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JUBA, Monday 18 July 2011 – Mr. Elijah Malok the head of the Central Bank of South Sudan has said that the South Sudan Pound (SSP), the new currency of the Republic of South Sudan, was released into the market. Addressing the media at the bank’s premises, Mr. Malok also announced that the new currency will exchange 1:1 to the Sudan Pound (SDG) in the meantime but added that the value may change in the coming days based on market factors.
25 South Sudanese Pounds, 2011
By the way, the newer version of the CollectionStudio 3.63 will also contain an information in the inner database about this new country of the World.
The shape of the 10 Syrian pound coin has been found to so resemble the 20 Norwegian krone coin that it can fool vending machines, coins-to-cash machines, arcade machines, and any other coin-operated, automated service machine in the country. While hardly similar to the naked eye, machines are unable to tell the coins apart due to an almost identical weight and size:
Ten Syrian pounds converts to ~1 Norwegian kroner, or about 0.20 United States dollar. 20 NOK, on the other hand, converts to 3.70 USD, almost ~18 times the value of the Syrian coin. While not easy to find in Norway, the Syrian coins are still used in automated machines there with such frequency that the Norwegian postal service decided to close many of their coins-to-cash machines on February 18, 2006, with plans to develop a system able to differentiate between the two coins.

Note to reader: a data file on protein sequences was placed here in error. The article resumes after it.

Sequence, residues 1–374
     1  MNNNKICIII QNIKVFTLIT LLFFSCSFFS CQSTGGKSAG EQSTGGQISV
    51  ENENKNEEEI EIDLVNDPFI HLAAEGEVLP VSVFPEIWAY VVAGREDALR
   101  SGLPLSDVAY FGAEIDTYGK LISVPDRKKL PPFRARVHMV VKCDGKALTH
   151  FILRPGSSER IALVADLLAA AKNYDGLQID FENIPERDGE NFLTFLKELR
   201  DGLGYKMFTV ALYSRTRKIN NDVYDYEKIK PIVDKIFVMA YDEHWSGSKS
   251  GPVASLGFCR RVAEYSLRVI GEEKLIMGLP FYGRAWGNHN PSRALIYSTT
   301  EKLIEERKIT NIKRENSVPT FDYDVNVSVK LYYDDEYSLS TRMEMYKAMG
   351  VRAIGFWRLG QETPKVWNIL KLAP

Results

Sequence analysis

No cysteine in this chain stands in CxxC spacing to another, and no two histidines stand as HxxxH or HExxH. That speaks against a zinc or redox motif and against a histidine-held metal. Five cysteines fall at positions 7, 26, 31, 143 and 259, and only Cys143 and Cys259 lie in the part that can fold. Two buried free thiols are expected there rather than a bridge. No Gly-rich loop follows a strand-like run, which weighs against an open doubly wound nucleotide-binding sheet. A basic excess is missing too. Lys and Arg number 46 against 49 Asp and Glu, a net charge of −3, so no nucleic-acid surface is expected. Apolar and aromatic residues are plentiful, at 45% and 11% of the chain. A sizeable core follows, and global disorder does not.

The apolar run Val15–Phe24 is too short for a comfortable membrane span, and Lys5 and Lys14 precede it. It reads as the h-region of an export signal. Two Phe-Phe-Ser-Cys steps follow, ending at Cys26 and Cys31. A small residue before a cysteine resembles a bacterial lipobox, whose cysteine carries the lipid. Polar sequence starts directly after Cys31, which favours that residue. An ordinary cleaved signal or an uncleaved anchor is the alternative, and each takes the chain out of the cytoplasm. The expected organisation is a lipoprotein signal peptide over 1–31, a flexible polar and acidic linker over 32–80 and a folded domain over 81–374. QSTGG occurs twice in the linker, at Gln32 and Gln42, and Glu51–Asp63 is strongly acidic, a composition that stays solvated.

By the way, in the summer of 2005, one Norwegian man was sentenced to 30 days, suspended, for having used Syrian coins in arcade machines in the municipality of Bærum.
The Scots have a colorful (and tragic) history of fighting the domination of the English that ended, more or less, with the butchery that was the Battle of Culloden (16 April 1746), in which tired, hungry, and somewhat unenthusiastic Scotsmen armed with swords, at best, took on England's best, armed with bayonet-fixed firearms. So it was with some surprise that upon giving a 20 pound note with the likeness of the Queen on it to a cashier for my first purchase in Glasgow's Central train station (a local map book), the 10 pound note I got as change looked like this:
When the typical 10 pound note I see in London looks like this: